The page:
11). were predictive. that the approach taken in Study 1’s line drawing . p . Study 1 also afforded a test of whether the expectancy– assertiveness link remained after controlling for values.22. t(160) 3.00 . Social outcome values 8. both social expectancies for low assertiveness ( .68 . p .e. including social optimum (perceived optimal assertiveness for social outcomes). the majority of participants in Study 1 displayed curvilinear social and instrumental expectancies.19 . A wide range of models revealed no significant interaction effects. Social optimum 2.24). In a second model. Those who believed very high levels of assertiveness had more positive social outcomes reported higher levels of personal assertiveness. and Self-Rated Assertiveness in Study 1 Variable 1.12 . Indeed.27 28.04 .25 54. Values.22). t(160) 3.02 . As shown in Table 2. the point to which people believed they could push—that is. both social expectancies for high assertiveness ( .g.19. p .1546 AMES Table 2 Correlations Between Curve-Based Constructs.e.05. All three measures of social expectancies predicted self-reported assertiveness. the instrumental expectancy measures were not significantly correlated with selfreported assertiveness.71 18. t(163) 2. t(160) 2. p . In a first model. One point of variance was the perceived optimum.20). Instrumental expectancies did not predict self-rated assertiveness in Study 1. p . These links remained after controlling for social outcome values (i.14† 78. attempting to shed light on how they might be conceptualized and measured effectively in the service of predicting individual differences in assertive behavior. social expectancies for low assertiveness. concern with relationships vs. t(163) 1.40 — .05.26 . p . Social expectancies for low assertiveness 3.and high-assertiveness social expectancies were entered as independent variables in a regression predicting self-reported assertiveness.10.01.24).65 . predicting self-reported assertiveness with social expectancies and values simultaneously. t(160) 3. These results are consistent with the independent effect prediction. high assertiveness expectancies remained significantly predictive ( .65 29. To test the independent effect prediction (that the predictive power of expectancies would remain after controlling for values).48 .06 64. though.. though this measure was not significantly correlated with the expectancy constructs (see Table 2). In a third model. regression analyses were conducted. Self-rated assertiveness M SD † 1 — .23 36.01.03 . As might be expected. social expectancies were not significantly correlated with outcome values... were predictive.08 .40 .23). As anticipated. were predictive.79 2 3 4 5 6 7 8 — . but low assertiveness expectancies appeared to lose their predictive power ( .47 — . and echoing what Ames and Flynn (2007) found in their work on the actual impact of assertiveness.68.59 — . 162.80 . and values ( . Analyses also revealed that people tended to agree more on the expected outcomes for moderate assertiveness. More important.88 — .74 21. n p .12 29.44 — .01 . these expectancies varied from person to person.15 2.25 6. Those who believed very low levels of assertiveness had more positive social outcomes reported lower levels of personal assertiveness.09 11.03 . p .16 . In short. beyond which costs would begin to outweigh benefits. and values ( .41. t(160) 2.01. that social outcome values affect whether social or instrumental expectancies will be more predictive of self-rated assertiveness). Instrumental expectancies for high assertiveness 7. t(160) 3.18.01.22 . People may prioritize the preservation of relationships and find perceived relational costs relatively abhorrent (e. Baumeister & Leary. casting doubt on the notion that the two constructs simply reflect the same underlying attitude. p . It is worth noting that when both low. both social optimum ( . Independent effect prediction. several operationalizations of social expectancies were predictive of self-reported assertiveness (see the bottom half of Figure 2 for additional detail on how expectancies at different levels of assertiveness predicted self-reported assertiveness). With the social outcome value measure. Instrumental optimum 5. Social expectancies for high assertiveness 4. expectancies were predictive. Instrumental expectancies for low assertiveness 6.18).01 .01. Study 1 also afforded an initial test of whether expectancies predict assertiveness. instrumental outcomes).11 Note. It could also be. and values ( .42 — 60.19 26. the value measure (relative concern with social outcomes) was negatively correlated with self-rated assertiveness.98.15.11. assuming they could push up to a point. the level of assertiveness that maximized outcomes.42 . p . p .24 .27 14. It could be that instrumental expectancies simply matter less to people than social ones.01. Discussion A central goal of Study 1 was to characterize peoples’ expectancies about interpersonal assertiveness.15 . Additional models were run to test for the possible interaction between expectancies and values (i. 1995). and social expectancies for high assertiveness.62 28.01.25).36. diverging more significantly in their forecasts of what would follow from extreme low or high assertiveness.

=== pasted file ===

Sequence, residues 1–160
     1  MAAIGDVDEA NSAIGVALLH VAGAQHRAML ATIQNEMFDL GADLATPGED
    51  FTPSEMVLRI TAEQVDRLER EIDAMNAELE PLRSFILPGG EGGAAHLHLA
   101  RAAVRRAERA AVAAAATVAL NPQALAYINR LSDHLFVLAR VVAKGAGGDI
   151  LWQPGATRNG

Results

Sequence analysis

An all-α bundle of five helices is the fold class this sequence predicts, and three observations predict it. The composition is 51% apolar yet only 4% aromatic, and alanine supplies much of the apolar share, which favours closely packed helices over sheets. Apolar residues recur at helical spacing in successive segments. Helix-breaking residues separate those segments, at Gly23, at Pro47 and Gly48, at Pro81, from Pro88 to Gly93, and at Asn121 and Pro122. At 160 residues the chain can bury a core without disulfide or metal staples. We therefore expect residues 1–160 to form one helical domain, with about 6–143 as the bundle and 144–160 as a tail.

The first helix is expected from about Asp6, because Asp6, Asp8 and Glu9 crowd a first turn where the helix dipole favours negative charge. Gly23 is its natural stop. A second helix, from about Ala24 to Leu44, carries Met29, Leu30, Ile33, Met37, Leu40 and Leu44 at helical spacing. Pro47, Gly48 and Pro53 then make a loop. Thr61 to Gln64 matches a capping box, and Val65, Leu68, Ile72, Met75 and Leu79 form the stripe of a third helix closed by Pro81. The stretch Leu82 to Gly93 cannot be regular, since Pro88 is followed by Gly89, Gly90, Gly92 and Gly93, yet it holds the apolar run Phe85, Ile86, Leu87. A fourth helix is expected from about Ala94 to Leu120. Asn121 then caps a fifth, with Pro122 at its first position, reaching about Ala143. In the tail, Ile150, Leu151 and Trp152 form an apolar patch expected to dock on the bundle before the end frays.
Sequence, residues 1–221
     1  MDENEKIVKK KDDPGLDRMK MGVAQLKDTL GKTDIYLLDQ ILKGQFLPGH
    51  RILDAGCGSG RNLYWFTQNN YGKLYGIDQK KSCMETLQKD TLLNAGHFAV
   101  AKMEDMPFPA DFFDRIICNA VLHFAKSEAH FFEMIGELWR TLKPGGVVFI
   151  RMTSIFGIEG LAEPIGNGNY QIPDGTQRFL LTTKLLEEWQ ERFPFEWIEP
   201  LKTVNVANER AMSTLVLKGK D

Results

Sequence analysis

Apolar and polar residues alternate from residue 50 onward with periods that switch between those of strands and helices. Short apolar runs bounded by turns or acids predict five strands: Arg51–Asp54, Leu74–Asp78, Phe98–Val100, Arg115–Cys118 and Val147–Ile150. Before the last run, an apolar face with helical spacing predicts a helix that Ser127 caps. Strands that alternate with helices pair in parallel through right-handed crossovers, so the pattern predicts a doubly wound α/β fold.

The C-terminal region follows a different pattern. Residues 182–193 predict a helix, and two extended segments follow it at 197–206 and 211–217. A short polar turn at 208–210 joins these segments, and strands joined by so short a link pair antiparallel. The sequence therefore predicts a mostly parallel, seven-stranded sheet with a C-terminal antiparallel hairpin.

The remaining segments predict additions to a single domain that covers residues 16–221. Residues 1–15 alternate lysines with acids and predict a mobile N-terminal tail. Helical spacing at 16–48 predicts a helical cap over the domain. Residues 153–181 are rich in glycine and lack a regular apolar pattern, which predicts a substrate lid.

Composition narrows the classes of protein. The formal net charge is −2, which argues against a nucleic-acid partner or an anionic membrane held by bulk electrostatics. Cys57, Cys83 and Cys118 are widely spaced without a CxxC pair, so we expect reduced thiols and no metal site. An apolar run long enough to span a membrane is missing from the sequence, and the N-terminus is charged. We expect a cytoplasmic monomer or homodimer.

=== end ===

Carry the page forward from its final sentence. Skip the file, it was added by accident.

Items were rated on 5-point scales ranging from 1 (disagree strongly) to 5 (agree strongly). Each scenario featured a beginning (“Imagine that you were negotiating with a potential employer . and 3 (4.4%) identified themselves as Asian or Asian American.4%) identified himor herself as African American. Assertiveness scenarios. I will always help other people. Study 2 Study 1 shed light on how assertiveness expectancies could be operationalized..6%) identified themselves as male.50).27). Study 2 was used to examine expectancies with greater specificity and contextual detail.36 (SD 0. medium.” “I often worry about others’ problems”). and interest). allowing an assessment of whether either or both were predictive. one regarding asking a freelancer for help under a deadline. a commonly used tool for measuring values relevant to conflict and negotiation (e. trust. Van Lange. These rankings were used to construct a dependent measure of preferred assertiveness at the scenario level. respondents indicated a preference for the moderate assertiveness response.2 (SD 5. Forty-seven (70. respondents indicated a preference for the high assertiveness response. That is. Low assertiveness was assigned a value of 1. . including “I care more about getting along with others than ‘winning’ each conflict or disagreement” and “In a conflict.6%).or herself as Native American.g. distrust. Method Participants. participants rated expected social outcomes (“How much do you think the [manager. Participants also rated expected instrumental outcomes (e.g.ASSERTIVENESS EXPECTANCIES 1547 paradigm was vague in terms of what was meant by “results. After each ending. the measures used were rather decontextualized: The independent measures of expectancies were based on line drawings about the general impact of assertiveness. I need others to be happy. trust. respondents most preferred the low assertiveness response in only 1% of cases. 1 (1. The scenarios and endings are presented in the Appendix. Accordingly. The second goal was to extend the exploratory work from Study 1 on gauging assertiveness expectancies. Before committing to an operationalization of expectancies on the basis of line drawings alone. the focus in Study 2 was on expected outcomes for low and high levels of assertiveness as a way of gauging expectancies. Study 2’s more concrete approach measured expectancies and behavioral preferences in a series of specific scenarios. moderate assertiveness a value of 2. additional measures of relevant values were introduced. accordingly. As noted in the Results section. in a separate exercise. the ability of instrumental expectancies to predict behavior will be greater. and links between expectancies and self-reported assertiveness were found. and interest in interacting with me again in the future). expected outcomes for low and high levels of assertiveness showed considerable variance and were variously linked to self-reported behavior. work colleague] would like. The SVO measure gathered responses to a series of nine decomposed . The average preferred assertiveness across the scenarios (including 198 valid responses. five items were sampled from the original nine-item scale (“I always place the needs of others above my own. Mean age was 37. 1 (1. and the dependent measure was a self-report of general assertiveness. participants responded to items gauging relevant values. a comparative concern for relational outcomes over instrumental ones. In Study 2. participants’ preferences for higher assertive responses in the scenarios were reflected in higher scores for preferred assertiveness. and high assertiveness a value of 3. a construct involving extreme concern for others (Fritz & Helgeson. and one concerning disagreeing with a colleague in a team meeting. “How well do you think you would do in terms of final negotiated salary”) on an 11-point scale ranging from 1 (extremely poorly) to 11 (extremely well).g. such as a salary negotiation. Finally. Although encouraging. In the majority of cases (61. 1999). participants completed a measure of unmitigated communion. Two items gauged social outcome values. Recall that in Study 1. participants were asked to consider the endings and “rank these three responses for how likely you would be to use them. separate multilevel models were run using low. Sixty-seven working managers enrolled in a business education program in the United States participated in Study 2 as part of a session exercise.” “Even when exhausted.1%) identified themselves as Caucasian. Value measures. freelancer. and want to interact with you in the future?”) on an 11-point scale ranging from 1 (strong dislike. Study 2 had two goals. Because of time constraints. In a separate exercise completed earlier in the business education program.” Participants were told to give a 1 for the response they would be most likely to use and a 3 for the response they would be least likely to use.4%) identified him. disinterest) to 11 (strong like. After rating all three endings for a given scenario. In nearly all of the remaining cases (37. 1998) that has been linked to negotiation outcomes (Amanatullah et al. This was computed as the level of assertiveness (low. A first goal was to test the prediction that expectancies would predict assertiveness and that this link will remain after controlling for relevant values.” Perhaps when perceivers consider a concrete situation with specific instrumental outcomes that they can identify (e. and 54 (80. ”) and then three endings featuring low.” “I can’t say no when someone asks me for help.. or high) that a respondent most preferred for a given scenario.4%). expectancies for high assertiveness were the ratings for social outcomes and instrumental outcomes for the high assertiveness ending. Thus. In addition. 15 (22. three per participant) was 2. I generally care more about results (getting my way) than social outcomes (my partner’s liking and trust for me. Scenarios were used to assess both assertiveness expectancies (the independent measure) and behavioral preferences (the dependent measure). and high assertiveness expectancies as predictors. as well as all of these expectancies as simultaneous predictors. Endings were presented in counterbalanced order. . participants indicated their social value orientations (SVO). Both social and instrumental expectancies were measured. as in Study 2).5%) did not identify their ethnicity. I used expectancies in particular contexts to predict behavioral preferences in those same contexts. medium. a starting salary in a job negotiation. These anticipated social and instrumental outcomes at the scenario level were taken as the independent variable measures of expectancies. in press). moderate. and high assertive behaviors.. Participants responded to three scenarios presented in counterbalanced order: one featuring a salary negotiation.” Participants rated these items on 5-point scales ranging from 1 (disagree strongly) to 5 (agree strongly)..” “For me to be happy.